It’s usually with great pride that I take note of similarities between myself and dogs. If I greet someone with genuine enthusiasm or consider how well I am living in the moment or if I choose a delicious nap instead dealing with some of my paperwork, I pat myself on the back. We all know that everything we need to know we learned in Puppy Kindergarten, right?
Recently, though, I realized that I share a behavioral pattern with dogs that is not so special or admirable: I lick my plate. I’m not saying that I’m a member of the clean plate club or bragging that I eat my vegetables. No, there are occasions when I literally lick my plate. We expect this sort of behavior from dogs. Most of them are extremely enthusiastic about food, but not picky about it and not into savoring it. They are not discussing the oaky overtones or the interesting way that the duck flavor blends with the sweet potato. They are just making sure they haven’t missed a morsel.
Concern about missing a speck of food is important to me only once in a while. I don’t lick my plate every time I eat, but rather only after one particular meal, and I have a good reason for it. Still, I felt sheepish when members of my family joked that I must have become a plate licker because of my personal and professional relationship with dogs.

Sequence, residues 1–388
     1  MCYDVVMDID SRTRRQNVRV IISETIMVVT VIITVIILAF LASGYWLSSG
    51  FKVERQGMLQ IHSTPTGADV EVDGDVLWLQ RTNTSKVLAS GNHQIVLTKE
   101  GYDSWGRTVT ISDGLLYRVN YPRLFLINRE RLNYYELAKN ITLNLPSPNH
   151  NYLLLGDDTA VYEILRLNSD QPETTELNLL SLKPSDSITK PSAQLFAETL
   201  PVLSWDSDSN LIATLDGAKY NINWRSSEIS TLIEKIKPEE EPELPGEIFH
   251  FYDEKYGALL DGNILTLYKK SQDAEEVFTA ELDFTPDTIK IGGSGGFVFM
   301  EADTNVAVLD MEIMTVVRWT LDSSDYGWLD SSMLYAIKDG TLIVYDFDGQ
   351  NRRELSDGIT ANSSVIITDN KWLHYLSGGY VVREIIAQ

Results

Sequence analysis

So, here’s what’s going on with me. I used to overeat every time we had pancakes. I would eat a few pancakes, and then realize I had some extra maple syrup. I lived in New England for years, I adore real maple syrup, and I couldn’t stand the thought of wasting even a drop of this precious commodity. So, I would take another pancake to avoid wasting the syrup, but sometimes there wouldn’t be enough syrup, and I’d add more. Basically, I ended up eating to excess in my attempt to match up syrup and pancake. Finally, I realized that I could solve the problem by licking the syrup after my initial serving of pancakes. Of course, it’s inelegant, but it is healthier because I don’t eat as much. My kids—who as young children loved to lick water out of bowls to pretend that they were dogs—are so repulsed by my plate-licking behavior that I always sneak into the kitchen to do it so nobody has to watch.
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There are so many traits we could share with dogs that would make us better people—loyalty, enjoyment of life, fairness to all people, emotional perceptiveness—but licking the plate is far from the most commendable, and it is certainly not the classiest.
Do you share something with dogs that nobody considers one of their most admirable traits?